By David Coulson
College Sports Journal
MONTGOMERY, AL. — For most of the significant history of Appalachian State football in the past 24 years, one of the constants has been the presence of Scott Satterfield.
Whether it was a perfect regular season and 12-0 start in 1995 as the starting quarterback, three consecutive national championships from 2005-2007 as an assistant to College Football Hall of Fame coach Jerry Moore, watching teammate Dexter Coakley win back-to-back Buck Buchanan Awards, or coaching Armanti Edwards to consecutive Walter Payton Awards, Satterfield has been apart of things.
And when Appalachian State plays in its first Football Bowl Subdivision bowl game, the Camellia Bowl, Saturday at 5:30 p.m. in Montgomery, Alabama, it will be Satterfield leading the the Mountaineers into battle against Ohio University.
“This kind of validates our moving to FBS,” said Satterfield, who first came to ASU as a walk-on quarterback in 1991. “For us, it’s a big celebration. But at the end of the day, we’re all competitors.”
A victory on Saturday would also give Appalachian (10-2 overall, 7-1 in league) a Sun Belt Conference-record 11th victory, which would be only the eighth time in school history and the first since 2009 that the Mountaineers had reached that peak.
The 11 wins would also be the most by any team in its first season of bowl eligibility.
ASU is also trying to become the first team to win a bowl game in its first season of eligibility. The Mountaineers, who like Sun Belt rival Georgia Southern qualified for a bowl in their first season, are one of only four teams to make a bowl game so quickly.
Nevada lost the Las Vegas Bowl in 1992 and Marshall came up short in the Motor City Bowl in 1997. Georgia Southern plays in the GoDaddy Bowl on Dec. 23.
“We’ve had a particularly great season and we want to end it on a great note,” ASU center and offensive team captain Jesse Chapman said. “We’ve overcome a lot obstacles to get here and I can’t wait to play this game.”
Standing in the way are the Ohio Bobcats, coached by longtime Nebraska coach Frank Solich, an old friend of Satterfield’s mentor, Moore.
“Coach Solich has a little bit of an option background,” said Satterfield, remembering his days directing the App State’s version of the Nebraska I Formation option. “They don’t beat themselves. They make you beat them.”
Ohio (8-4, 5-3 in the Mid-American Conference) had an impressive win over ASU’s old Southern Conference rival Marshall (21-10) in September and finished up on a high note in November with a 26-21 victory against MAC divisional champion Northern Illinois (26-21).
The Bobcats ended the season on a three-game winning streak to snap a string of three losses in a row, including their 62-24 setback against MAC titleist Bowling Green.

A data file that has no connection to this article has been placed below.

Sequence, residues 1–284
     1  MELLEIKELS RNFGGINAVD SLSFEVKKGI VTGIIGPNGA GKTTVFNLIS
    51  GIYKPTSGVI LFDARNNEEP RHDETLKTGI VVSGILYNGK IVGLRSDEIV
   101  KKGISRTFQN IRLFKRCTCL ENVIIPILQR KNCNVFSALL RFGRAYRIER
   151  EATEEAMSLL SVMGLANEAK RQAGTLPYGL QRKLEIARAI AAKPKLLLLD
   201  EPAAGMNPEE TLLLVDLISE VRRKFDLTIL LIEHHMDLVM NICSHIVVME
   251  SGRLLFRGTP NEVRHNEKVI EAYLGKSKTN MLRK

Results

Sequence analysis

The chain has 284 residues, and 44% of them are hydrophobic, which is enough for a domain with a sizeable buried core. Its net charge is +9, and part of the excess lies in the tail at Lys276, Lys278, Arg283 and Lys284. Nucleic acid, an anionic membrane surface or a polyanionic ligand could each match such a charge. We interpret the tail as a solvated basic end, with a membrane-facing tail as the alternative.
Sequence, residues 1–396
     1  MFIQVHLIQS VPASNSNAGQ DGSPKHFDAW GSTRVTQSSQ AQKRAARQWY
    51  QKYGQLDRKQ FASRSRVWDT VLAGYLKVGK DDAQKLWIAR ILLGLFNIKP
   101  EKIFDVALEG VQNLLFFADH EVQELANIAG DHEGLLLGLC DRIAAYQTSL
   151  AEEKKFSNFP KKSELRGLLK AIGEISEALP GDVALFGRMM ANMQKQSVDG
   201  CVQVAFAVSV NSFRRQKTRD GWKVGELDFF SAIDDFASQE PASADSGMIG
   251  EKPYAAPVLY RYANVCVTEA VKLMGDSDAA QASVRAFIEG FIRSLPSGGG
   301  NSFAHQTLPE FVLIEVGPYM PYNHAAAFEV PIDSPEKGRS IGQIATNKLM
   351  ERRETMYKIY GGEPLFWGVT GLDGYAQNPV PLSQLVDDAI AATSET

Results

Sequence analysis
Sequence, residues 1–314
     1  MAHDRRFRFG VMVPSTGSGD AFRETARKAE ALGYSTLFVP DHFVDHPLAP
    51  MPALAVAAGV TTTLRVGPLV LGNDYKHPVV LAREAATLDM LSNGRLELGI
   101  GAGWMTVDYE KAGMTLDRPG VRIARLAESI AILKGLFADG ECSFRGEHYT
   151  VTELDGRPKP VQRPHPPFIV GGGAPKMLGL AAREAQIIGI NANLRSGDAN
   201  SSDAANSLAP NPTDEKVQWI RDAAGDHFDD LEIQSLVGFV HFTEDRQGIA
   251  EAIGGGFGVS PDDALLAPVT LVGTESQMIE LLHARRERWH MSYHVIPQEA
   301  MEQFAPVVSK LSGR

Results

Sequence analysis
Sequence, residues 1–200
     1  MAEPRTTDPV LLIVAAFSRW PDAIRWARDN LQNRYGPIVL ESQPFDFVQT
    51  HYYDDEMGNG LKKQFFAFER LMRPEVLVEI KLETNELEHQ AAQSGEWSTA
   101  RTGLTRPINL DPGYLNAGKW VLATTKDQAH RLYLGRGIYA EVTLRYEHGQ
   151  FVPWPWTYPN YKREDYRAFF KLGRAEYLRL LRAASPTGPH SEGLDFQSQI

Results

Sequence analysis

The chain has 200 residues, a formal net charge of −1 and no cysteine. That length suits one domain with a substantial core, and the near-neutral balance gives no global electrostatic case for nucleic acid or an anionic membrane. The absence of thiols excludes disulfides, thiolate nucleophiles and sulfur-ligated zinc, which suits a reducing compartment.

Satterfield said the three losses came when Ohio was battered by injuries, particularly at the quarterback spot. But the Bobcats should be healthy after a three-week break.
“I’m impressed with their defense,” said Satterfield, noting that it reminds him of the Mountaineers during their era of All-Americans Marques Murrell and Jason Hunter as defense ends and Jerome Touchstone and Justin Woazeah at the cornerback spots. “They put a lot of pressure on teams with their defensive ends, rushing four down linemen and their cornerbacks are really good in coverage. They don’t have to blitz a lot.”
Ohio ranks 51st in points allowed (24.8 per game) and is 54th in both rushing and pass defense for a total of 49th in yards allowed (373.6).
On offense, the Bobcats are 75th in scoring (27.4), though their balanced attack has averaged 424.8 yards per contest, good for 47th in the nation.
Defense and the running game have been the key element of the Mountaineers’ success this season.
ASU ranks 13th nationally and was first in the Sun Belt in points allowed (18.3) and was 12th in total yards on defense (318).
“We just need to play hard and do our jobs,” said ASU defensive captain and defensive end Ronald Blair, who was named the Sun Belt defensive player of the year this week. “We don’t have to try and be super.”
Blair was particularly complementary of Ohio’s offensive line.
“They’ve got a great running game,” said Blair. “You can see on film that they are gritty.”
Of course, the Mountaineer defense watches a pretty good rushing attack of its own every day in practice.
Marcus Cox became the first Appalachian player to rush for 1,000 yards in his first three seasons and has 1,250 yards this season. In recent weeks, the junior has been complemented by true freshman Jalen Moore, who has 432 yards on the ground in his past three games.
That has helped take pressure off sophomore quarterback Taylor Lamb, who has balanced the attack with 2,381 yards through the air this season.
One of Lamb’s favorite targets, senior Malachi Jones, is looking forward to another big offensive game on Saturday.
“We’re down there for a reason — to win App’s first bowl game,” said Jones. “That would be a great way to end my senior year.”